A black and white image of a laptop with artificial intelligence icons
A black and white image of a laptop with artificial intelligence icons

Artificial Intelligence in the Justice System: Navigating the Nuances of Natural Language Processing and ChatGPT

The integration of artificial intelligence (AI) in the justice system has been a groundbreaking development in recent years. This year, there has been ample discussion around the implications of the use of AI—often without considering the nuances of the types of AI at play and the manner in which they are deployed.

Today, we’ll explore the differences between generative AI and other forms of AI, particularly natural language processing for speech-to-text technology. We will also delve into how these technologies are already impacting court proceedings and the wider justice system. Finally, we will evaluate the trends within the discourse relating to the deployment of AI within the justice space—and the need for further nuance within these discussions.

What is AI anyway?

Merriam Webster describes AI as “the capability of computer systems or algorithms to imitate intelligent human behavior.” According to Microsoft, AI refers to “the capability of a computer system to mimic human cognitive functions such as learning and problem-solving. Through AI, a computer system uses math and logic to simulate the reasoning that people use to learn from new information and make decisions.”

As AI evolves and becomes increasingly more sophisticated, the myriad applications are becoming more apparent. There are generally six subsets of AI:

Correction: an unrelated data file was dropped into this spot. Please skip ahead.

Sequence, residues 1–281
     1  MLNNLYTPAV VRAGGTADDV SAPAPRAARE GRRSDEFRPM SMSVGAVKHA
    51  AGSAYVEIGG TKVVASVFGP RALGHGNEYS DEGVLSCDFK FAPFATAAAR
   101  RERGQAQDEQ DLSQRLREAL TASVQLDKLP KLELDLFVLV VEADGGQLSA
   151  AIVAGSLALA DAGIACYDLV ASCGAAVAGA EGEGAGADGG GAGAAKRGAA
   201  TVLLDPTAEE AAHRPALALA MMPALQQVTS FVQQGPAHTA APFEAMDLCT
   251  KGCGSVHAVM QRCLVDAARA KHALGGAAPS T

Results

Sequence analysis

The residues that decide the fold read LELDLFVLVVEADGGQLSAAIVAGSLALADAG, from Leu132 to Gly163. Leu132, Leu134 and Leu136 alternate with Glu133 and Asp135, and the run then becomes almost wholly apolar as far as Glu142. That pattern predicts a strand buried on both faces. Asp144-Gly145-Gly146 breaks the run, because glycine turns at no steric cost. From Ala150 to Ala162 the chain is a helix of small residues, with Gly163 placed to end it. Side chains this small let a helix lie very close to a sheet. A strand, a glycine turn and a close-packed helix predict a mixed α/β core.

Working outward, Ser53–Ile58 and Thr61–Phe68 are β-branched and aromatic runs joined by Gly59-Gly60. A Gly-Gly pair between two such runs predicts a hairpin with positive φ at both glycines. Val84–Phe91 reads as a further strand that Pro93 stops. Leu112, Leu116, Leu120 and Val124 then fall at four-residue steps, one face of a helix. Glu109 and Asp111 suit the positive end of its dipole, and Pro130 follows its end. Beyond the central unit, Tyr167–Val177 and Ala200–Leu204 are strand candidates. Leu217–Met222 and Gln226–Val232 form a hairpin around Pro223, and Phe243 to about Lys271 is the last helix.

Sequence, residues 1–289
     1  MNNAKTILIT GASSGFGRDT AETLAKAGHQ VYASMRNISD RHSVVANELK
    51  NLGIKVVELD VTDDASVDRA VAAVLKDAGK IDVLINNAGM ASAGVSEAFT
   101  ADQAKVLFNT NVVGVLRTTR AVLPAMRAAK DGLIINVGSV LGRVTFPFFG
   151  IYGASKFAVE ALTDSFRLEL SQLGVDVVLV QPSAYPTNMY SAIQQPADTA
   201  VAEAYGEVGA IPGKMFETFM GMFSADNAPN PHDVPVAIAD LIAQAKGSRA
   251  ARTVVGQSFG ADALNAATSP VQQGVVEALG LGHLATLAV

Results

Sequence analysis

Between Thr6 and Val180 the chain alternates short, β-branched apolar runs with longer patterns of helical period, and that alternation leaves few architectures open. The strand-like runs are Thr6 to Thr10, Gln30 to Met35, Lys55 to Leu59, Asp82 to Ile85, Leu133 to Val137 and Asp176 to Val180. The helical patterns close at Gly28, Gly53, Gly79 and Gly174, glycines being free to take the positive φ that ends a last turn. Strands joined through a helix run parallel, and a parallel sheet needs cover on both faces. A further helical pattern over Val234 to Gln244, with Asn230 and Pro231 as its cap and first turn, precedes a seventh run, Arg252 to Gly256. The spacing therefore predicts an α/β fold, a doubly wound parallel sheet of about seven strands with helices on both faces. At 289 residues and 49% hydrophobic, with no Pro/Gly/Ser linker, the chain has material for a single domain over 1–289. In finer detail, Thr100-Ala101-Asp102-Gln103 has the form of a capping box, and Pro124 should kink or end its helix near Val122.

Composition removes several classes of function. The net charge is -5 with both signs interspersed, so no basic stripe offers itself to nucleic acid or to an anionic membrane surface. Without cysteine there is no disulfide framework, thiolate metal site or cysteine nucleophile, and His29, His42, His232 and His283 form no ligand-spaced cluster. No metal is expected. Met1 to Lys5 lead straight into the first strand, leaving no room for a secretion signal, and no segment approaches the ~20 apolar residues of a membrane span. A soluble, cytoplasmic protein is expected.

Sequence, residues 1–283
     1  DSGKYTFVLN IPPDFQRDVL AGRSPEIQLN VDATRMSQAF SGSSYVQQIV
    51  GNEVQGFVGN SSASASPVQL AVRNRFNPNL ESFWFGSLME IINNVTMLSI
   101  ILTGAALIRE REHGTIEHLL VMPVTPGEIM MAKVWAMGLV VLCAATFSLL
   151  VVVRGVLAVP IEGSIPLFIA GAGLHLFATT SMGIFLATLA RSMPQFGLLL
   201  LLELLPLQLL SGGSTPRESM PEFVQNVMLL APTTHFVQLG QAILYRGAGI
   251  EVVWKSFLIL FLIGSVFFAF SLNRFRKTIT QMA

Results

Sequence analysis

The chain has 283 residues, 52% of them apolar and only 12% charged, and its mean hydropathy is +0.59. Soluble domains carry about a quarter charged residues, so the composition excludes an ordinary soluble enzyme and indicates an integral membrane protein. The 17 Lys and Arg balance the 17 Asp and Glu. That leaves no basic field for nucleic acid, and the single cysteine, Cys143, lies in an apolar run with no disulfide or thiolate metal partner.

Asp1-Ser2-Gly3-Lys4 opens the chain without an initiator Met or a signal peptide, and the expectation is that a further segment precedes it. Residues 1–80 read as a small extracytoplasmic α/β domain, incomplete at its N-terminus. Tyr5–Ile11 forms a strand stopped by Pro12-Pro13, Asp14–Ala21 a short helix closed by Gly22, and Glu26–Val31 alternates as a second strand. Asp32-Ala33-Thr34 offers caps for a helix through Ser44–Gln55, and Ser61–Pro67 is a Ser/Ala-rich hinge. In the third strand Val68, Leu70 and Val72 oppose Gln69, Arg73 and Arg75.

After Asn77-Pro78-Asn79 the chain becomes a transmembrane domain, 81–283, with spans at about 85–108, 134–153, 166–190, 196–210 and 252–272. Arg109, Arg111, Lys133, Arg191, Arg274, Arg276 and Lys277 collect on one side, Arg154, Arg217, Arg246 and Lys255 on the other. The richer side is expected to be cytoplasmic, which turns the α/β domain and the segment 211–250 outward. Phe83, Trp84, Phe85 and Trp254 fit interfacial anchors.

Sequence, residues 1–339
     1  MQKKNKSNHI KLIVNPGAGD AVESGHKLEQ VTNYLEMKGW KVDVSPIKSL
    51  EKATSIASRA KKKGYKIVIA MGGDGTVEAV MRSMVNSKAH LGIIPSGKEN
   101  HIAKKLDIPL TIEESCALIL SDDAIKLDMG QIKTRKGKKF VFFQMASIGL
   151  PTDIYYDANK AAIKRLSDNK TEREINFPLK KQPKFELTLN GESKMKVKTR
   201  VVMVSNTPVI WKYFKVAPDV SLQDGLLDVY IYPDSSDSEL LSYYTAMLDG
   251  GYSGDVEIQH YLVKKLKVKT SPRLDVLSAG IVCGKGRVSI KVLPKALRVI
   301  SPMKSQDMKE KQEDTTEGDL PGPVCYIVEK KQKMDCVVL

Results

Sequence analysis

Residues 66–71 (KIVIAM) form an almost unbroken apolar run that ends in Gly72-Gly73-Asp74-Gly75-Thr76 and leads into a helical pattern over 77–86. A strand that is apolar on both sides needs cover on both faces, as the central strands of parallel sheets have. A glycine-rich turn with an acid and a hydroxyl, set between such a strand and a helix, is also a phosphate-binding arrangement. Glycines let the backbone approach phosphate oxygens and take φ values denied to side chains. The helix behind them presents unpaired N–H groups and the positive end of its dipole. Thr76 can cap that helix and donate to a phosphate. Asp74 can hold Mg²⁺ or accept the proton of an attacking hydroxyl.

• Machine learning
  • Deep learning
  • Robotics
  • Neural networks
  • Natural language processing

While the deployment of AI systems often transcend these subfields or categories, they do provide a useful framework for understanding the current state of AI and where it’s likely to go in the future.

Is AI already in use in the justice space?

Many legal technology solutions have been underpinned by AI in recent years—and will likely continue to do so for many years to come. For courts, AI has been deployed at various stages of judicial proceedings.

These deployments range from e-discovery and contract management solutions to timekeeping and scheduling tools. For instance, in the pre-trial period, attorneys have already been using AI tools for research and brief building, including Casetext’s CARA AI, which uses a legal brief or complaint as a basis and delivers customized results for the most relevant cases and caselaw based on the context of the research.

For judges, AI can also be deployed to automatically distribute and schedule the cases. The recent adoption of legal automation programs including self-help chatbots have been found to assist in removing some structural barriers to the justice system for self-represented litigants.

During deliberations, AI can be used to produce a summary of the facts of a case to aid in a final judgement. Additionally, modern speech-to-text tools increase the accessibility of audio/video recordings through real-time feeds, allowing judges and attorneys to immediately search the court record and revisit testimony as required.

Interestingly, these modern speech-to-text tools aren’t necessarily the first examples of AI being deployed in the court record capturing process. Voice writing through the use of a stenomask is a hybrid solution which uses an individual’s voice to “re-voice” everything they are able to hear, which is then transcribed by a speech recognition system that leverages AI—a practice which has been occurring since the 1990s.

Generative AI versus natural language processing

A problem with the current discourse around the deployment of AI within the justice system is the nuances of the type of AI we’re actually discussing. Without defining the specifics of the AI, we lean into a more general mistrust which may infringe on its usefulness without considering why we need to be mistrustful in the first place. Without a clear understanding, we may hinder the development of the future use of AI and therefore meaningful progression.